Explore World of Frozen at Hong Kong Disneyland with the team who made this fairy tale a reality


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When “Frozen” hit the big screen in 2013, it took the world by storm. An ice storm, to be exact. When it debuted a decade ago, Elsa’s icy magic, Olaf’s warm hugs and Anna’s spirited personality made “Frozen” the highest-grossing animated film of all time, spurred an even-higher-grossing sequel in 2019 and created possibly the most oft-repeated soundtrack to ever hit listeners’ ears.

Now, this beloved fairy-tale world gets its own land for the first time (yes, in forever), as the World of Frozen has been brought to life at Hong Kong Disneyland’s largest-ever expansion. This immersive land transports guests to Elsa and Anna’s Kingdom of Arendelle in a way that feels both authentic to the Nordic cultures it drew inspiration from and magical in a way that only Disney can pull off.

Ahead of the land’s official opening on Nov. 20, Hong Kong Disneyland “opened up the gates” to TPG for a behind-the-scenes tour of the World of Frozen from the creative team who spent years conceptualizing, designing and building a real-world Arendelle.

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Bringing ‘Frozen’ into the real world


This land is the culmination of a multi-year collaborative effort between Walt Disney Animation Studios and Walt Disney Imagineering Asia. When you enter World of Frozen, it’s clear the teams left no snowflake unturned when conceptualizing, researching and designing the land so that every guest who steps inside feels like an honored guest of Arendelle.

But it all began with a movie about two sisters and their love for one another. Josh D’Amaro, chairman of Disney Experiences, knew from the first time he saw “Frozen,” that it could be just as successful inside Disney’s theme parks as it proved to be on the big screen.

“When there is a film that is so clear in terms of what it is and what it means to you, in your heart, you can see how that’s gonna translate into a world that we and Imagineers are gonna want to bring to life. This was one of those movies,” D’Amaro said in an interview with TPG, along with Jennifer Lee, chief creative officer of Walt Disney Animation Studios and writer/director of “Frozen” and “Frozen 2” during our visit to World of Frozen. “When you have a story like that, and then you get a reaction from the world like we did, there’s not a question that we’re going to start to think about ‘How do we build that,’ ‘How do we bring it to life,’ in the way that we have here,” he added.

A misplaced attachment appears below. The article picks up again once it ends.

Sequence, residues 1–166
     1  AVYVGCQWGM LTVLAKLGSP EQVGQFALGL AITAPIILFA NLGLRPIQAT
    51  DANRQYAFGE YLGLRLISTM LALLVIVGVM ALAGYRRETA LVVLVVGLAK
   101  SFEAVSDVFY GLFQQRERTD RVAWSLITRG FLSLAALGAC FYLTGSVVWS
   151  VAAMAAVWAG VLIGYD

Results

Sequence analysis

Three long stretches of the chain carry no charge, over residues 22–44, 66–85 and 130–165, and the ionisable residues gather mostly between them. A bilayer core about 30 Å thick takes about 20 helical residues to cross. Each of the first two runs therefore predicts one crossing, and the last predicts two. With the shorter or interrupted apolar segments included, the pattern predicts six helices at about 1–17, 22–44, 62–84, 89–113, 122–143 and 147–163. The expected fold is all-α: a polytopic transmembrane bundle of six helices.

Now, it’s been seven years since Disney began work on this real-world version of “Frozen” in Hong Kong. “When you realize how many years folks have been working on this and how long it takes to build it and how thoughtfully they’ve built it, I’m in awe of that,” Lee shared.

Those years were spent researching Norwegian architecture, art and cuisines, analyzing ice colors and textures and dreaming up ways to make guests a part of the story in the living, breathing land that exists today.

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Setting the stage


In the World of Frozen, every day is Summer Snow Day – the annual holiday that marks the day Anna and Elsa saved the Kingdom of Arendelle. The town goes all out for the celebration, with colorful banners and decor and well-wishes for a “Happy Summer Snow Day” from every townsperson you encounter.

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The land is divided into two sections – Arendelle Village and Arendelle Forest.

The two sections are connected by King Agnarr Bridge, named for Elsa and Anna’s father and Arendelle’s one-time king. In Arendelle Village, you’ll find the Frozen Ever After ride, Tick Tock Toys & Collectibles souvenir shop, Golden Crocus Inn quick-service eatery and Northern Delights sweet shop.


This area is also where you’ll find some of the most iconic landmarks from the “Frozen” films, including Elsa’s Ice Palace, Arendelle Castle and the clock tower where Anna and Hans shared their first dance. Funnily enough, Lee shared during our interview that the clock tower was only introduced into the film because the filmmakers wanted an excuse to have Anna and Hans do the robot dance.

Across the bridge in Arendelle Forest, you can take a ride on Wandering Oaken’s Sliding Sleighs, witness Elsa’s ice magic at Playhouse in the Woods, grab a snack at Forest Fare and shop at Traveling Traders.


As is often the case at Disney, equally important to the buildings that line the streets are the people who fill those streets and bring them to life.

During our visit, the Royal Arendellian Troubadours played jubilant tunes as they marched through town, the Royal Arendellian Conjuror performed magic tricks for onlookers and townspeople celebrated by singing, dancing and games, often recruiting visitors to join in the revelry.